I have no idea what causes this to happen (yet), but it does tell us something about how an organism develops. For one thing it, illustrates that gastrulation doesn't create the internal body cavity that holds the organs. If that were the case, the organs would be on the outside. The placement of the cilia gives the indication that the blastopore develops into the mouth. Imagine pushing the digestive lining back into the larva (as if to mimic gastrulation). In addition to having that disgusting mental image, you can picture that the cilia would now surround the opening that you created, just as they would in a normally developed larva.


Do cells have a destiny?

(Indeterminate vs. Determinate development)

I’m going to take this in a different direction that Kenny did in his earlier post about microbial evolution.  This is not evolutionary destiny, but developmental destiny. It turns out there’s two answers to this question as well. 

It doesn't take magic to create identical twins; just indeterminate development. Image credit: Warner Bros. Inc.

It doesn't take magic to create identical twins; just indeterminate development. Image credit: Warner Bros. Inc.

For deuterostomes (including you and I) the answer is no. We have indeterminate cell development. This means that any given cell has the potential to develop into a complete embryo (at least at first). If a zygote were to break apart during the early stages of development, two (or more) complete and identical organisms would arise.

On the other hand, the answer is yes, in protostomes. They undergo determinate development. From a very early stage of development, the cells are locked in to a particular path of development. As cell division continues, each daughter cell will be even more limited than the previous cell. If such a zygote were to break apart it may still develop, but it wouldn't create two separate organisms. Instead, there would be two separate pieces that would contain (nearly) all of the pieces of the whole veliger.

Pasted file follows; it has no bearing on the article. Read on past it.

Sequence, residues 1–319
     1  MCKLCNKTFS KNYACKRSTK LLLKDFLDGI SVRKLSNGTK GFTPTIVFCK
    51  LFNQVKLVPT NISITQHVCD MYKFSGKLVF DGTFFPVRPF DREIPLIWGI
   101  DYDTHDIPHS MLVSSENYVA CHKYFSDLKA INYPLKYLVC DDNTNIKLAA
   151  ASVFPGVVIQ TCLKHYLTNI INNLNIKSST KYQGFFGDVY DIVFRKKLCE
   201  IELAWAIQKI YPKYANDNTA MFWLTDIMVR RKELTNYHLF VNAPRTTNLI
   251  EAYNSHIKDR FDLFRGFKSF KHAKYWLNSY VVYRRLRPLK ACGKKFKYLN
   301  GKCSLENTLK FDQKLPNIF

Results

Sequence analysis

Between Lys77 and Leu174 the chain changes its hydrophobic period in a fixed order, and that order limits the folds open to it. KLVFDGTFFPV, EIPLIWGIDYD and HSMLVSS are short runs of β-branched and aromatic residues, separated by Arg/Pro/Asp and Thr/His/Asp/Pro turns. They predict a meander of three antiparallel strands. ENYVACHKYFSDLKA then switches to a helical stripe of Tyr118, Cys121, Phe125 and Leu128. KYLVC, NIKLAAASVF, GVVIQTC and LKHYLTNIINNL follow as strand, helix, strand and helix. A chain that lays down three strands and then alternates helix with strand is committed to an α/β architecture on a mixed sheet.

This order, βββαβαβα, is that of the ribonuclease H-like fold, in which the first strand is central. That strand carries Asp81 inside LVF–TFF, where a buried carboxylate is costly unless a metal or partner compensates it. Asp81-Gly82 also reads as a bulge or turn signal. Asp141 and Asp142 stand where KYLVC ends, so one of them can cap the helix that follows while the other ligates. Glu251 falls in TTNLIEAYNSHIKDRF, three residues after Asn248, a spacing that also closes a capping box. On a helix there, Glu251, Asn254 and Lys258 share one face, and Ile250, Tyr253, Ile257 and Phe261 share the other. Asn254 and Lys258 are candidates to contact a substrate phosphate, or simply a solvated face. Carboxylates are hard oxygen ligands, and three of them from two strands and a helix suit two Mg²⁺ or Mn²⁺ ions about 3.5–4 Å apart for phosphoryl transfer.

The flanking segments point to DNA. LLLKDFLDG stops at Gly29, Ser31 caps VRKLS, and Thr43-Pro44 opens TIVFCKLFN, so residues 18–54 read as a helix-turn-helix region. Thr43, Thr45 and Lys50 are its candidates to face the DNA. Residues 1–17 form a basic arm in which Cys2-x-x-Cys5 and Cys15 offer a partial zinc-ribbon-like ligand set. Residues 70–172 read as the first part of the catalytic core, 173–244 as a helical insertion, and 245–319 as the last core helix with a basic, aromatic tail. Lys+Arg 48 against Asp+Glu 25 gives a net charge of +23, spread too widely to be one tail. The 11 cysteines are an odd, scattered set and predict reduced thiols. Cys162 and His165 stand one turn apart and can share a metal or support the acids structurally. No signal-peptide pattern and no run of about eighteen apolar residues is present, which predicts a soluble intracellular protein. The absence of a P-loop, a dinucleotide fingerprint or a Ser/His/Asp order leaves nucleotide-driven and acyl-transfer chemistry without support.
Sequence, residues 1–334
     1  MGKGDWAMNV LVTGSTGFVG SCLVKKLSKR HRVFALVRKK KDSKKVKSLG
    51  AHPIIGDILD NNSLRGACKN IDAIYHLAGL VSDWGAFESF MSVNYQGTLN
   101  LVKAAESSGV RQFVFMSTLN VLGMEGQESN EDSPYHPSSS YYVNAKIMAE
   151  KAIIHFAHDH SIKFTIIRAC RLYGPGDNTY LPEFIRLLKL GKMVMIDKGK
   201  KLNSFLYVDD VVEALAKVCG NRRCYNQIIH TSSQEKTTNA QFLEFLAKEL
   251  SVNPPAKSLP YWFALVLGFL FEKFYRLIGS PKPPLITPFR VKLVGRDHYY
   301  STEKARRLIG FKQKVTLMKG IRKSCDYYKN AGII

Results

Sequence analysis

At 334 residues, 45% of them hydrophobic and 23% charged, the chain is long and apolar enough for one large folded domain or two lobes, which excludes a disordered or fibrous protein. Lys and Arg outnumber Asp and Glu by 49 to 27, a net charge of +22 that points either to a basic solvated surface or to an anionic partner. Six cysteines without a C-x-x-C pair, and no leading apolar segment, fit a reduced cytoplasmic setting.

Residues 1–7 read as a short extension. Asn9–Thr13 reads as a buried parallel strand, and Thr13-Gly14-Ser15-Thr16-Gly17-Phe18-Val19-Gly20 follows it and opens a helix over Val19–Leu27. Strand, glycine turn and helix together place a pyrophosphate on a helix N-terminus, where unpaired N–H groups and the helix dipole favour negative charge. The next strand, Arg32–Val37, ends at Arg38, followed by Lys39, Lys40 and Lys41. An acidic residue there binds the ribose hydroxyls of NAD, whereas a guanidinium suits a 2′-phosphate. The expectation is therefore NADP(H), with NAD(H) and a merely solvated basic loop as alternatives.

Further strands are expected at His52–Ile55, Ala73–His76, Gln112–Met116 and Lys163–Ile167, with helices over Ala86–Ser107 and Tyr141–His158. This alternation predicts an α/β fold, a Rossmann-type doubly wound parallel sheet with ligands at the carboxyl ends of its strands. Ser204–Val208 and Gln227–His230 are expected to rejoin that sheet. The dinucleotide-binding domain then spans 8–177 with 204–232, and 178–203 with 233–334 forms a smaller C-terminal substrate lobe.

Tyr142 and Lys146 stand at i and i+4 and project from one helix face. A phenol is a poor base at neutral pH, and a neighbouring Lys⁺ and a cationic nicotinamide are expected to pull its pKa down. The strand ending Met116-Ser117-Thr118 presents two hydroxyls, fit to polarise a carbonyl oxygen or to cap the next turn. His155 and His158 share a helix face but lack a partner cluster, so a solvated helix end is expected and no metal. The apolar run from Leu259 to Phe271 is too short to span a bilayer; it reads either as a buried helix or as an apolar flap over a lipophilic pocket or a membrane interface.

The cells that developed into the mouth and cilia of this veliger became separated from the rest of the animal. The mass indicated by the arrow is now just a ciliated ball. Image credit: Seth Goodnight  

The cells that developed into the mouth and cilia of this veliger became separated from the rest of the animal. The mass indicated by the arrow is now just a ciliated ball. Image credit: Seth Goodnight

 

Okay, so what can mutations teach us here?

Looking back at P. dendritica, there is another abnormality that occurs from time to time. I will look at an egg under a microscope and occasionally see that there is a shell with some internal organs inside, and a small ball of cilia spinning around beside it. What has happened here is the cluster of cells destined to become the mouth and cilia were separated from the rest. Both parts continued to develop "normally" and now you have two separate parts of one organism, thus proving that P. dendritica undergoes deterministic development.


I should point out that what I've shown here is nothing new. Karl Grobben first described the groups protostomia and deuterostomia in 1908. It's possible that he saw similar abnormalities that gave him the clues he needed. I don't know for sure, since his work is written in German (if anyone is aware of a translation I'd love to know about it). I do know that scientists often learn more when things take an unexpected turn than when they go exactly as expected. That's the exciting part about science; you never know what will lead to a new discovery!